Spending on flights has increased by over 100% since May - AIB study

Spending On Flights Has Increased By Over 100% Since May - Aib Study
Despite continued uncertainty over foreign travel, spending on airlines has increased by 132 per cent since May according to an AIB report.
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James Cox

Despite continued uncertainty over foreign travel, spending on airlines has increased by 132 per cent since May according to an AIB report.

Consumer spending rose in sectors that were previously closed as a result of the Covid-19 restrictions according to the latest AIB Spend Trend report.

Spending in clothing stores (+50 per cent), homeware stores (+30 per cent) and health & beauty stores (+14 per cent) including hairdressers all saw double digit increases in May as restrictions started to lift. Meanwhile, e-commerce spending was down three per cent as consumers chose to spend in-store rather than online.

The Government’s May guidance on the proposed easing of hospitality and travel restrictions also resulted in big increases in spending on airlines (+132 per cent), hotels (+67 per cent) and restaurants (+10 per cent), as consumers had more clarity and booked ahead of the lifting of restrictions. Spending in stores that remained open throughout the pandemic such as electronics (-four per cent), hardware (-two per cent) and groceries (-two per cent) decreased as consumers shopped elsewhere.

In Store Spend


While e-commerce was down, physical card payments were up, with digital wallet payments up 18 per cent, contactless up nine per cent and chip and pin up 12 per cent, indicating that more consumers were out and about spending.

In-store spending on clothing was up 1,443 per cent on April, however it was down 17 per cent online. Similarly, in-store spending in electronic stores was up seven per cent, however down nine per cent online. Sales in in-store health and beauty stores was up 20 per cent, however down three per cent online and in-store spending in homeware stores was up 107 per cent, however down 16 per cent online.

Overall, consumer spending during the month of May was up six per cent on April, however transaction levels are still down on pre-pandemic levels.

Data was compiled from AIB Debit and Credit card spending from over seven million transactions between May 1st and 31st. To account for the difference in the number of days in each month the AIB Spend Trend looks at average daily spend instead of total monthly spend, providing an accurate reflection of consumer spending habits.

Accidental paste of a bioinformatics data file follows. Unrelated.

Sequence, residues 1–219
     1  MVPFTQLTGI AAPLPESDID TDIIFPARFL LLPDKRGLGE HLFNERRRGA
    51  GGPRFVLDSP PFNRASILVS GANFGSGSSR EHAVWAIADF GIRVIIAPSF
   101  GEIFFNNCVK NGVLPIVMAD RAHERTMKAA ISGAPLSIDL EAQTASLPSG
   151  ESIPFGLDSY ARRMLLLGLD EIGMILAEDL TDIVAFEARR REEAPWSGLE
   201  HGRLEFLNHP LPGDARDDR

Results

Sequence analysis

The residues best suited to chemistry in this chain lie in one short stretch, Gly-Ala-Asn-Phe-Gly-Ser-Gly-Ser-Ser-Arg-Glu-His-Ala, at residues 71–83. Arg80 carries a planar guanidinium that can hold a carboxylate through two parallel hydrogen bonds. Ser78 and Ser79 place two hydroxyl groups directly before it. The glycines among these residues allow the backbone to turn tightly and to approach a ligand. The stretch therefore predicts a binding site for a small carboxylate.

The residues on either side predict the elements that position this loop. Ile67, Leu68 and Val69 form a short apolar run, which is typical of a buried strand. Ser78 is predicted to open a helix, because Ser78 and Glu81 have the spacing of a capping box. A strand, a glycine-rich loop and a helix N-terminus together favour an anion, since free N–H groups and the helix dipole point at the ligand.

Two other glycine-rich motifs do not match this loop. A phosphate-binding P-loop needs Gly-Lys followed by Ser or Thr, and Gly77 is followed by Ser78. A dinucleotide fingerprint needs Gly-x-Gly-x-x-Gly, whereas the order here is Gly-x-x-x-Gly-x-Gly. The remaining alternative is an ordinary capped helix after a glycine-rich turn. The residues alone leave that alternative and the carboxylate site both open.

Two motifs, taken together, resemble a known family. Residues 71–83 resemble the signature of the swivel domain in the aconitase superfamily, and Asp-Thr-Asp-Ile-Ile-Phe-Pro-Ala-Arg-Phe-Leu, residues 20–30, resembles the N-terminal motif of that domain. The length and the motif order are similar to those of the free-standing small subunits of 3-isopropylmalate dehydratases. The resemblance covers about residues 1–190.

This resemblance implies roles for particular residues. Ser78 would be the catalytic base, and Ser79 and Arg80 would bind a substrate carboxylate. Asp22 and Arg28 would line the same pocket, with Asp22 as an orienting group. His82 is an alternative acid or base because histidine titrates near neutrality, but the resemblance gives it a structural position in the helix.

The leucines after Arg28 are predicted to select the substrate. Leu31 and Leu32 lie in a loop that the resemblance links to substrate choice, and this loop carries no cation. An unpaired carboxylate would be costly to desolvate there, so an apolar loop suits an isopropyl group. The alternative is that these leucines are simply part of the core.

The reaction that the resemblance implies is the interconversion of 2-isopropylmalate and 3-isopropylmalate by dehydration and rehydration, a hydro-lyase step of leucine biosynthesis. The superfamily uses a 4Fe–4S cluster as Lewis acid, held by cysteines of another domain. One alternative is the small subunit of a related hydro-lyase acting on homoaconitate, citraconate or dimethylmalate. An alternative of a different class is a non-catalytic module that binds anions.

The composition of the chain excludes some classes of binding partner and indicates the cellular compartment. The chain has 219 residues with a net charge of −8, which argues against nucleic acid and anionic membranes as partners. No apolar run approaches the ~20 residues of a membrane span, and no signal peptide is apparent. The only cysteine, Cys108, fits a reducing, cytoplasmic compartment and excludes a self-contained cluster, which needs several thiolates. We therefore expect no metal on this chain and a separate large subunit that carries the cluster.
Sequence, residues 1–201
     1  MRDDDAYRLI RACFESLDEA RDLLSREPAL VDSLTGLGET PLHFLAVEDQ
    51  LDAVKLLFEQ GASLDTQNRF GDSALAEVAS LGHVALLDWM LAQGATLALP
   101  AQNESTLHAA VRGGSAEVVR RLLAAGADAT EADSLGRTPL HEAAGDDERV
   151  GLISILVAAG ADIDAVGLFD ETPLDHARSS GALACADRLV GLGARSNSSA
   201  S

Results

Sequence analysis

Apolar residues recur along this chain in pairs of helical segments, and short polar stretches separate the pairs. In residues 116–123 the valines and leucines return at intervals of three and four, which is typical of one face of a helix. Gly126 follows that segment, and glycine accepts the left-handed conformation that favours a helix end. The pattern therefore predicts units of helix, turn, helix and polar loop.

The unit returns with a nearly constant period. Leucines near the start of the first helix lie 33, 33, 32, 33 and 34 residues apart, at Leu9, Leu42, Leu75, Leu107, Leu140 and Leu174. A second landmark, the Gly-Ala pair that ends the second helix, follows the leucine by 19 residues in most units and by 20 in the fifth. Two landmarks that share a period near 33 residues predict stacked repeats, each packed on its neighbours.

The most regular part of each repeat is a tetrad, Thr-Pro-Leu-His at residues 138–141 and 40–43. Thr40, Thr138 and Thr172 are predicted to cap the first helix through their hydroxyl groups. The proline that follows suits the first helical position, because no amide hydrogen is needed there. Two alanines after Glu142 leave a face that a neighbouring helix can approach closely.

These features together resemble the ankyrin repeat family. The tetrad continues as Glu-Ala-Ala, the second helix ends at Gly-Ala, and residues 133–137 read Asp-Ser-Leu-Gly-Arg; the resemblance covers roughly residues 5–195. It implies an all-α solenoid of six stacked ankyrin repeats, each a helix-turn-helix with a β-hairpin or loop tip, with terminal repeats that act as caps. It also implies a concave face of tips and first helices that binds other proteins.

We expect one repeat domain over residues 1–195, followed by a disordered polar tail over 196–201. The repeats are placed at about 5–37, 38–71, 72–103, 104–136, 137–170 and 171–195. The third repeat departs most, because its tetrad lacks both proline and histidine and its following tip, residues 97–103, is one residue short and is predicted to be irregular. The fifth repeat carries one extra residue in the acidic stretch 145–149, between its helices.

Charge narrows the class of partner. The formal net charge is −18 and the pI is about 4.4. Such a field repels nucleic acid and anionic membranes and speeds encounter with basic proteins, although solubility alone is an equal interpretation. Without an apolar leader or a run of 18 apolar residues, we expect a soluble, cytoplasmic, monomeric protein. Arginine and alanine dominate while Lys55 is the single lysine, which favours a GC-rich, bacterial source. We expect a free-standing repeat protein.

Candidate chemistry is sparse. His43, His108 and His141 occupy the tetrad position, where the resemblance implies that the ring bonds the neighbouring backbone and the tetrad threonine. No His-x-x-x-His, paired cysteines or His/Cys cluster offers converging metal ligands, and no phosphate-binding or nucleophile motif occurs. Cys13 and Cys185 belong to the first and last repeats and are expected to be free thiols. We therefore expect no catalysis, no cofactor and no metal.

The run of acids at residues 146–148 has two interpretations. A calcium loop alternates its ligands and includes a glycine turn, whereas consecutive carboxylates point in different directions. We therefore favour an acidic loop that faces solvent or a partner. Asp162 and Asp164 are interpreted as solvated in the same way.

Regional Spend

Carlow consumers recorded the biggest increase in spending on clothes, up 67 per cent on April, meanwhile those from Longford recorded the biggest increase in spending on homewares. Those from Longford also recorded the biggest increase in restaurant spending, up 18 per cent.


Offaly consumers recorded a 100 per cent increase in hotel spend in May, the largest increase of any county. Those from Kerry only recorded a 33 per cent increase in hotel spending, the lowest increase of any county.


Dublin recorded the highest increase in spending during May, up seven per cent on April, followed closely by Kildare, Cork, Cavan, Sligo and Galway — all recording a six per cent increase in spending. Carlow and Donegal recorded the lowest increase in spending, up two per cent on April.

Those under the age of 25 (+nin per cent) recorded the biggest increase in spending followed by those over the age of 65 (six per cent).

Rachel Naughton, Head of SME Banking at AIB said: “After months of restrictions resulting in businesses being closed it’s encouraging to see these impacted sectors record double digit increases in spending, releasing some of the pent up demand which has been evident through the pandemic.

“It’s also interesting to see the switch away from e-commerce during May, which is down three per cent, as many businesses reopened and consumers choosing to spend their money in store rather than online. Over the coming months we will need to support these industries where possible to ensure the months of lost trading can be recouped and they can start to return to pre-pandemic trading levels.”

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